2. In May 2011, Bernie Sanders and Jim McDermott introduced legislation that would put in place systems on a state level that implements Medicare-like healthcare systems for all the residents of the states called the American Health Security Act of 2011
3. In June 2012, members of the corporate-funded Congressional Progressive Caucus said they would push for a Medicare for All System if Obamacare was struck down
There is no point in arguing about the past, and saying that people only had certain choices to vote for either. All I will say is that if one argues there were only two choices available for people to vote for, that is promoting a false dilemma. All of this reminds me of this well-known exchange of words in F. Scott Fitzgerald’s The Great Gatsby:
Nick Carroway: “You can’t repeat the past.”
Jay Gatsby: “Can’t repeat the past? Why of course you can!”
I could go on and on with this. Single-payer healthcare is definitely feasible. Read what the Physicians for a National Health Program has to say about this, the history of Single Payer by SP Education, and a post titled ‘Public Option Vs. Single Payer’ by Factcheck.org in December 2009. One can just look all of this up on my two favorite search engines, DuckDuckGo.com or startpage.com for starters. Then, some will still say that this is ‘purity trolling’ which is also utterly absurd. This article is meant to challenge people’s views, not push some bit of purity. I have had a recent view that politicians were just slimy, nasty scumbags who didn’t care about me, so in part I wrote this articles to figure out if that was true, and educate others on what I learned. That is all.
Ok. Its time to bring back my article I wrote on my old tumblr blog, HermannView, about the Affordable Corporatist Act as well. Here’s a snippet: “Obamacare is not for the people… Now back to this corporatist piece of legislation. If you still think this law was all nice and dandy…then you are wrong… Also one must remember that big corps. like McDonalds were offered waivers and eventually added up to over 2 million employees. As the most recent information it seems the program ended as of accepting new waivers but old waivers issued stayed. They are planned to end in 2013… Now if you still don’t believe this narrative consider these articles from CounterPunch. One said that the vote upholding the healthcare law helped the “corporate right,” another said that it was a bailout, another said it was a “disaster”, one said that the law is a lack of remedies, another said it was a “deception,” one notes that the program to stop companies from denying pre-existing conditions has long numbers of people enrolled and the law doesn’t provide universal coverage (here), how the law is unconstitutional, how it kills real healthcare reform, how it is simply a “facade or regulation,” and how it is simply corruption. I could go on. With all of this evidence showing that the Affordable Corporatist Act I bet there are still some that say I’m all wrong. Maybe this is because they conned you into support it (also here).”(18) Also see these interesting twitter conversations I had as well. (19) There is also a great article about this on Black Agenda Report as well. (20) A debate on Democracy Now! about this was pretty good as well (21).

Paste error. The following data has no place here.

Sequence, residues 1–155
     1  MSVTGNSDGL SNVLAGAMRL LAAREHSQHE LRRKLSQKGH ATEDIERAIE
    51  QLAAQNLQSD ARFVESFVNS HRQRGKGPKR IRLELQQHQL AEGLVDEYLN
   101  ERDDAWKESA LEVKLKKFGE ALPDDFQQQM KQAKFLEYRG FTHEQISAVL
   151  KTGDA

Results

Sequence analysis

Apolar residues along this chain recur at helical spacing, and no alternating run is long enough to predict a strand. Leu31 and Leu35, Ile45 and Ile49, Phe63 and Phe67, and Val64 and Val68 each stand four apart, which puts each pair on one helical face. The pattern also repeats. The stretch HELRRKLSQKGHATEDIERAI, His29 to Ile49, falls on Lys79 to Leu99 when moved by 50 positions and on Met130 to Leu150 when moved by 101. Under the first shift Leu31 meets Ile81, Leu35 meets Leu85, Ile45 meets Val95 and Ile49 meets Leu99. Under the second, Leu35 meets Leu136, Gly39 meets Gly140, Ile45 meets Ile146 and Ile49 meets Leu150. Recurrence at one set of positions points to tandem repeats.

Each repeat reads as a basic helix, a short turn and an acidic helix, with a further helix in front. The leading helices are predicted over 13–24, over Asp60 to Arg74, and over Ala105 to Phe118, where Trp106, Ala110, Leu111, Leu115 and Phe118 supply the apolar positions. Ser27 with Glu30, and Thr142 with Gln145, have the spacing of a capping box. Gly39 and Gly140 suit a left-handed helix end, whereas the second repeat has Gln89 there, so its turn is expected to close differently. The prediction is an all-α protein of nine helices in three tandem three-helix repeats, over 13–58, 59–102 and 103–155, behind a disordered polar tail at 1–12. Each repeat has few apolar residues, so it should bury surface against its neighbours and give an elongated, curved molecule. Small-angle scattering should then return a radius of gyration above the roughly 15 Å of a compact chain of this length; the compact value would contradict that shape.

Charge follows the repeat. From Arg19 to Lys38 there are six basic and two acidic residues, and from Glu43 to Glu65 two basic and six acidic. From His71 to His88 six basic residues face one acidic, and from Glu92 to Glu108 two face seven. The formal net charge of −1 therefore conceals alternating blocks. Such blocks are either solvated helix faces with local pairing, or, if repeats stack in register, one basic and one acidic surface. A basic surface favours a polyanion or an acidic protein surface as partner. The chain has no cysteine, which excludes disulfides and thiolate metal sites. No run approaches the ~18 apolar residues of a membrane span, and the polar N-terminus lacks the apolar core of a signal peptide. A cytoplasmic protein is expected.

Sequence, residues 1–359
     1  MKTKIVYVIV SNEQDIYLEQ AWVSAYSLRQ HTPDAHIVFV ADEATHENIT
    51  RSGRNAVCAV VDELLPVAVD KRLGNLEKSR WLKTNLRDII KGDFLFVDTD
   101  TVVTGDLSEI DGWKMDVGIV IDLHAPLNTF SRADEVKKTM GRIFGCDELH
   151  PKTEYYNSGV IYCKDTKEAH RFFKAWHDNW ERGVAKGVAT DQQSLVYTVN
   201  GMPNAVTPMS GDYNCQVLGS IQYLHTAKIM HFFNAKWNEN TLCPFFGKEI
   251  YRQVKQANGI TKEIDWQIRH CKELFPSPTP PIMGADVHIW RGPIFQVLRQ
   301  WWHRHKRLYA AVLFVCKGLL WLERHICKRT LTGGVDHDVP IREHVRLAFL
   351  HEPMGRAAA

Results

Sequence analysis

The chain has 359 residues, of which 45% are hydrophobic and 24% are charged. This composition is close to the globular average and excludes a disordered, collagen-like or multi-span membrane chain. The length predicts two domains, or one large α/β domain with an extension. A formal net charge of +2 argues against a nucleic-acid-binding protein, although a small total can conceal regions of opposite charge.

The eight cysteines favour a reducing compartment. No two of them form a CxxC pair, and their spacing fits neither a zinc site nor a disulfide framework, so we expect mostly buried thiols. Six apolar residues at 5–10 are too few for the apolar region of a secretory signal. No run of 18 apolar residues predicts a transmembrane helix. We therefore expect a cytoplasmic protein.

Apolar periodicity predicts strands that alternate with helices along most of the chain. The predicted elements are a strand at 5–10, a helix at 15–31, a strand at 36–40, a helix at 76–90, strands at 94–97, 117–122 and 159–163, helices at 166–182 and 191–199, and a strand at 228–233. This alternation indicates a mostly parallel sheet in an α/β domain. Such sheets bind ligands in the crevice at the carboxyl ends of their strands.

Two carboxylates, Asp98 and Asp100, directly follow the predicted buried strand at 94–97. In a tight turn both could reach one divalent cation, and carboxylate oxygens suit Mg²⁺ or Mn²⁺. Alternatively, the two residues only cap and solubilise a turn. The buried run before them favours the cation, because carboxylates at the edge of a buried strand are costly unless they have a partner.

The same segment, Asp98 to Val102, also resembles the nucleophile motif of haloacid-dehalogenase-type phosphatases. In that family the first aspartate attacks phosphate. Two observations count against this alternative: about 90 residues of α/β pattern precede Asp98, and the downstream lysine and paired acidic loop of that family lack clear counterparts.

There are number of sections not addressed by the criticisms. These include most of what I wrote about Elizabeth Warren, what I wrote about Dennis Kucinich (who I deeply respect), Kyrsten Sinema, Tammy Baldwin, Tulsi Gubbard, Tammy Duckworth, Sherrod Brown, Keith Ellison, and my final conclusion. Like the rest of the article, these points stay completely valid, even with some of these reasoned and strange criticisms. In the end, I recommend everyone read this article (if you haven’t done so) in its entirety, instead of just selecting certain parts you don’t like. (1)
(15) http://www.reddit.com/r/alltheleft/comments/1on10k/a_progressive_surge_of_deceptive_hope/ccu5zdx and http://www.reddit.com/r/alltheleft/comments/1on10k/a_progressive_surge_of_deceptive_hope/ccv9t1i